The song of the day for Saturday, September 28, 2013 is “Where Or When.”
About This Song
“Where Or When” was written by Richard Rodgers and Lorenz Hart in 1937 for the Broadway musical Babes In Arms. Note that the Broadway musical bears little, if any, resemblance to the 1938 film that starred Judy Garland and Mickey Rooney. Only two songs of the Rodgers and Hart songs were used in the film; thankfully “Where Or When” was one of those songs, though only a brief portion of the song is heard.
In the Broadway production, the song was sung by a young couple (played by Ray Heatherton and Mitzi Green) who had just met, fallen in love on sight and sing this song about how they seem to recognize each other, but cannot remember where, or when.
The song has been widely recorded since it was written from Frank Sinatra, Tony Bennett, Mel Tormé, Ella Fitzgerald and Dinah Shore to Dave Brubeck, Art Tatum, Gene Krupa and Duke Ellington.
About This Version
Today’s song is from the superb album Tony Sings For Two. The entire album was recorded in a single day with just Bennett and Ralph Sharon at the CBS 30th Street Studio. While recorded in October, 1959, it wasn’t released until 1961. Tony tells this story in his autobiography, The Good Life:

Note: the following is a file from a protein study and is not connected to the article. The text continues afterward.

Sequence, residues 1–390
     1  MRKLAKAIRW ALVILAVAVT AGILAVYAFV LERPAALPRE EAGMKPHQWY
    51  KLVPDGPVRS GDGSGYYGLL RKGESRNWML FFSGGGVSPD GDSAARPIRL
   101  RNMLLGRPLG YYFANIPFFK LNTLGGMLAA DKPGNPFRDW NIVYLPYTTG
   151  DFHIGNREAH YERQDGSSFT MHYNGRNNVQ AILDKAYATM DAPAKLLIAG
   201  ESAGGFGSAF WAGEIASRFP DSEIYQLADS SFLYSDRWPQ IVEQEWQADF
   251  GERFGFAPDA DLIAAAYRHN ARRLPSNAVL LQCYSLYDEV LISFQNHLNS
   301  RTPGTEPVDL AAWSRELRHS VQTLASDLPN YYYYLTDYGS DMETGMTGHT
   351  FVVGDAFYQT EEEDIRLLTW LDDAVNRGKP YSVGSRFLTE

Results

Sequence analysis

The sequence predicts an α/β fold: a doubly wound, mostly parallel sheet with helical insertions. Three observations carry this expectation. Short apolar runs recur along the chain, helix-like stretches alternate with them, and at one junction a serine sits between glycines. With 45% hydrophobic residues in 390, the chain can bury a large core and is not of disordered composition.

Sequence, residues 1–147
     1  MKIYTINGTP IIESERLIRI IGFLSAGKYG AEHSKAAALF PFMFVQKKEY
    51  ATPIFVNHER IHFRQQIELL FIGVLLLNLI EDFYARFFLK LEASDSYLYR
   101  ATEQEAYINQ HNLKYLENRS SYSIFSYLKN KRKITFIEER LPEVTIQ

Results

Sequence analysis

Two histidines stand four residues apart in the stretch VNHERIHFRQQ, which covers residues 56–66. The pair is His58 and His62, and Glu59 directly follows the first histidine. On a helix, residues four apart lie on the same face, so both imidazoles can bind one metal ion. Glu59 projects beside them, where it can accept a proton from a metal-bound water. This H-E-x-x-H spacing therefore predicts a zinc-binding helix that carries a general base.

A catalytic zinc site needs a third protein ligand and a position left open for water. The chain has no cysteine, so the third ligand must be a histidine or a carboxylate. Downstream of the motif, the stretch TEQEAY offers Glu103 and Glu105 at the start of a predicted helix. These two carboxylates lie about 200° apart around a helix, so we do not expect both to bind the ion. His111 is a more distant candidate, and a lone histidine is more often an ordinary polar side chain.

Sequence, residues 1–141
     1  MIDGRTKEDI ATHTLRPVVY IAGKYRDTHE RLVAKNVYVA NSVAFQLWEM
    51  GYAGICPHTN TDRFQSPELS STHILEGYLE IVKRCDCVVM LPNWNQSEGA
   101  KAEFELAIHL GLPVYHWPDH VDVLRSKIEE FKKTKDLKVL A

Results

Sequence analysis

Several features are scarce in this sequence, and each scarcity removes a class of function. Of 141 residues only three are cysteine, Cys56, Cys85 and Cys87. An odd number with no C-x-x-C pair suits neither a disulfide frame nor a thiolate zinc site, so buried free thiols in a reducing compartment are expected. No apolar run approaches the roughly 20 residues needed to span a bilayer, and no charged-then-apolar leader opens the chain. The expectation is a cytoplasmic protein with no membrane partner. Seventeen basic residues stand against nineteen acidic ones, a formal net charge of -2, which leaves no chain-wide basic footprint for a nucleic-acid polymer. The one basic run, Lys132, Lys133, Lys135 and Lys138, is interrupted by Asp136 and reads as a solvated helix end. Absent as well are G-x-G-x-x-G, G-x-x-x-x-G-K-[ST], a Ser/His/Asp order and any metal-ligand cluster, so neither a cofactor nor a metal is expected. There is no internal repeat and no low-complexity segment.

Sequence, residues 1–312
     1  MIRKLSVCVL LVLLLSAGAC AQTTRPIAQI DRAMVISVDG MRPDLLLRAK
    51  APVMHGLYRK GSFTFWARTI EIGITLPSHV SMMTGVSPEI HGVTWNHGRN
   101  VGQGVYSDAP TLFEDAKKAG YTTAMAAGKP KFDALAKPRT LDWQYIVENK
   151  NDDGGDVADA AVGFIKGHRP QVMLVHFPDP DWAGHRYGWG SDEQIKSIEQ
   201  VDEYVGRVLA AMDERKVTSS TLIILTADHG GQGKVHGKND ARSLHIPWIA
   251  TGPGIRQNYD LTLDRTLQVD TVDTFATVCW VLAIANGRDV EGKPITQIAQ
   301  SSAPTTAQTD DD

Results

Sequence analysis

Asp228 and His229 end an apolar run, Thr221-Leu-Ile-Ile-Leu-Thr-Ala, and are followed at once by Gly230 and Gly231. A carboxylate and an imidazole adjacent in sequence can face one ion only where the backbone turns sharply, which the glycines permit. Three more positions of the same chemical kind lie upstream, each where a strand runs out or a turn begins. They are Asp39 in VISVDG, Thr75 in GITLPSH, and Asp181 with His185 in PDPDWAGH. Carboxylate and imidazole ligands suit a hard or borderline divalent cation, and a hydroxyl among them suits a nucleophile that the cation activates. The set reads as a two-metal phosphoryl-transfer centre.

I always wanted to be unpredictable, and so for my next project, I decided to go in the opposite direction from the big orchestral albums I’d been doing lately and cut an intimate album piano-vocal album with Ralph Sharon. We booked time in the studio and pored through music books, trying one tune after another. The arrangements were spontaneous, and we finished each song in one or two takes. In one afternoon we laid down sixteen tunes–which must be some kind of record–twelve of which made it into the album, which became the 1961’s Tony Sings For Two. Mitch Miller showed up at the start of these sessions, furious that I was really going through with it. When he saw that there was no dissuading me, he turned to Frank Laico and said, “I’m leaving. I can’t support this.” Tony Sings For Two turned out to be one of my finest albums ever.
In addition to “Where Or When,” this album contains my favorite recording of one of my favorite songs: “The Man That Got Away.” There really isn’t a false moment on the entire album: it’s a brilliant album by two great musicians.